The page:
Regulators Seize Another Recipient of TARP €Healthy Bank€ Bailout

Paul Kiel | 11/15/2009, 11:55 p.m.

Regulators seized three banks on Friday, Nov. 13, bringing the toll of failed banks for the year to 123. As always, we€ve updated our list of failed banks [1].

One of the banks closed yesterday was a TARP recipient: Pacific Coast National Bank of San Clemente, Calif., received $4.1 million [2] in taxpayer funds in January. That investment, made through the Treasury Department€s program to invest in €healthy banks,€ [3] will be wiped out.
It€s the third TARP recipient to topple this month. Last week also was tough for two companies the government recently deemed €healthy€ and thus worthy of TARP money. CIT declared bankruptcy, wiping out the government€s $2.33 billion investment [4], and regulators closed United Commercial Bank [5], wiping out another $299 million.

Last month [6], we reported that all three institutions were foundering, raising questions about how they€d been approved for government money meant for only €healthy banks.€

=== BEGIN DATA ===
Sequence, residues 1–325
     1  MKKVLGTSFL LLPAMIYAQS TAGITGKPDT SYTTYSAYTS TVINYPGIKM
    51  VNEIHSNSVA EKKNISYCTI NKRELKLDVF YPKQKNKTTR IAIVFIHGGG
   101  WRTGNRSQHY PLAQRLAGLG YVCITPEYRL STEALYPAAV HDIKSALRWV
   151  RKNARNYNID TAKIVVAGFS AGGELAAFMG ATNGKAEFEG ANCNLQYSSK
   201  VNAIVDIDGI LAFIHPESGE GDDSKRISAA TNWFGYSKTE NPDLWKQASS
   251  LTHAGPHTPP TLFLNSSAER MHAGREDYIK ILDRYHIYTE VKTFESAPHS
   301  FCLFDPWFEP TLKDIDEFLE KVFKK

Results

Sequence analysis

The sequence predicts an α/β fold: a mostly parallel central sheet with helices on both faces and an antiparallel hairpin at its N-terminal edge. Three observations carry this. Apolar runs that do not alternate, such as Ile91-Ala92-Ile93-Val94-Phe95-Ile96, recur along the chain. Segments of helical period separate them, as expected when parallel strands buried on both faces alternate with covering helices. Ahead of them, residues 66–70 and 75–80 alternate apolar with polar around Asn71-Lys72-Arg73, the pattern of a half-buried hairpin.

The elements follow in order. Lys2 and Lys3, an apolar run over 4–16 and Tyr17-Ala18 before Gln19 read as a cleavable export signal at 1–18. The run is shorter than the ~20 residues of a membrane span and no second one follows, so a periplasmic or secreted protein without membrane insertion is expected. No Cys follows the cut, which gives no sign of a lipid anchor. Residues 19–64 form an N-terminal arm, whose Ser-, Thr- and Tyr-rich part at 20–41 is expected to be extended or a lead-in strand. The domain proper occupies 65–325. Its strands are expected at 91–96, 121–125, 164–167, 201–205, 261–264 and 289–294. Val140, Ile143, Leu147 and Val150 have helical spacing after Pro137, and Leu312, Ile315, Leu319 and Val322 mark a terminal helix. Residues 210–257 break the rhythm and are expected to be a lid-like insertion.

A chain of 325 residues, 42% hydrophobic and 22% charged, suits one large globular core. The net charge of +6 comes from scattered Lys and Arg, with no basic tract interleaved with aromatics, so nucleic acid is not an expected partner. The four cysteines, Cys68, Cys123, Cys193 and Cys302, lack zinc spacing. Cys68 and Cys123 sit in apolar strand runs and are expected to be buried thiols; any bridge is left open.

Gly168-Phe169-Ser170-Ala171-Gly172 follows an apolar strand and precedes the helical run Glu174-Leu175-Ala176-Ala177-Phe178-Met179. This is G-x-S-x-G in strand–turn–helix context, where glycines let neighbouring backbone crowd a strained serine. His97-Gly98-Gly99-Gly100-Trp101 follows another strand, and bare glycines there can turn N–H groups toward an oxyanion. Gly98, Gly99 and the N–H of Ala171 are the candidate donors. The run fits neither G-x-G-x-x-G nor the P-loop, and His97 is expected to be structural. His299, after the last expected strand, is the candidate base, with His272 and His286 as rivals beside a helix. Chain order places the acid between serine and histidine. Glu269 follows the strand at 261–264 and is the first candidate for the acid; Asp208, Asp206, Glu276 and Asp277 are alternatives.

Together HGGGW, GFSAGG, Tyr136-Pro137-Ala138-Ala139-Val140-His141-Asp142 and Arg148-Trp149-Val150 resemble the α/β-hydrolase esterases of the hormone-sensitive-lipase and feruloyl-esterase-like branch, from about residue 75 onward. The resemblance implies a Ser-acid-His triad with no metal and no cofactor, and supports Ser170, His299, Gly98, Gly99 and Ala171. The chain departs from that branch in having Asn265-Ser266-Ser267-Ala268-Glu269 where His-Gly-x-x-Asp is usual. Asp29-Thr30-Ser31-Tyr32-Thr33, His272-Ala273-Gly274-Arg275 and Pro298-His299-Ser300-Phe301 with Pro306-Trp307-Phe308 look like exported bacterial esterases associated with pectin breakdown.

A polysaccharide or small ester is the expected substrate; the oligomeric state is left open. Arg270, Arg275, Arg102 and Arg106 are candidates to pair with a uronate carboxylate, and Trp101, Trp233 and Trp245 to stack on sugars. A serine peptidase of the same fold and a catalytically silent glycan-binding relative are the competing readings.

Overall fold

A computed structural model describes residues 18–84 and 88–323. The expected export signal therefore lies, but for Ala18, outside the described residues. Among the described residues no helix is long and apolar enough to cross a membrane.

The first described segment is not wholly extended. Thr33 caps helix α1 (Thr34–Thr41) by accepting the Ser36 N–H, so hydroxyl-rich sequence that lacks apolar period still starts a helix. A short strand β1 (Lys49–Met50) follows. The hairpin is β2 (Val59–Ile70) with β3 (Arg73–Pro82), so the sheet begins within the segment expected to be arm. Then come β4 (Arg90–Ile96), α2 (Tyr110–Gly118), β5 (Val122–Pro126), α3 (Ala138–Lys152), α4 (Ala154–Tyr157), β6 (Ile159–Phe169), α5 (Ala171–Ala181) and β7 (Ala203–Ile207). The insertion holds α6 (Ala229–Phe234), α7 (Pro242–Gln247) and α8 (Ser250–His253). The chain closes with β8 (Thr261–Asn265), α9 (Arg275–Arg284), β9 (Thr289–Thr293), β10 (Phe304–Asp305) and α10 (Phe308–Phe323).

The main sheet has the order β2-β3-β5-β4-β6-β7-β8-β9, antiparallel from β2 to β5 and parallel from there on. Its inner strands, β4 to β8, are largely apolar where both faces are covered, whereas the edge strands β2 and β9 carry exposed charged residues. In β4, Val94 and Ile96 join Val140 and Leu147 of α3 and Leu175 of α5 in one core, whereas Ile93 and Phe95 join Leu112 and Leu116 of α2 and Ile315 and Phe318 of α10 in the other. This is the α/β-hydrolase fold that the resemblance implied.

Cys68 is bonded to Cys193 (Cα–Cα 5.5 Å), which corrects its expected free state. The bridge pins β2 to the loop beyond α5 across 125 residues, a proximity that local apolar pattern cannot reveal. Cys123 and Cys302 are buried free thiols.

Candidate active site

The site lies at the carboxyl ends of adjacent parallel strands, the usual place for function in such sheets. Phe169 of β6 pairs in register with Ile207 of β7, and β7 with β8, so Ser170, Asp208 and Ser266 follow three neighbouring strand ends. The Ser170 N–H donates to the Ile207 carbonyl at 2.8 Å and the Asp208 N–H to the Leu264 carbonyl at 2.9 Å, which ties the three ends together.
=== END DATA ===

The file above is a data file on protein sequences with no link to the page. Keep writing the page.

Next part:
Only a few months after Pacific Coast received the TARP investment in January, the bank announced [7] that its loan portfolio, especially construction and commercial real estate loans, had deteriorated significantly.

The bank warned [8] that its portfolio would sink even more if Southern California€s real estate market continued to plummet. Soon, regulators criticized the bank for €unsafe and unsound practices€ and ordered [9] it to raise capital. But it was too late. Regulators seized the bank, according to last night€s announcement [10], because there was €no reasonable prospect that the bank will become adequately capitalized without additional Federal assistance.€

The FDIC struck a deal [11] with Sunwest Bank of Tustin, Calif., to assume Pacific Coast€s deposits and assets. Pacific Coast had only two branches. The failure will cost the FDIC $27.4 million.

The other two banks seized Friday were in Florida. The failure of Orion Bank [12] of Naples, a community bank with 23 branches, will cost the FDIC $615 million. Century Bank [13] of Sarasota will cost the FDIC $344 million. IberiaBank of Louisiana assumed all the deposits and part of the assets of each.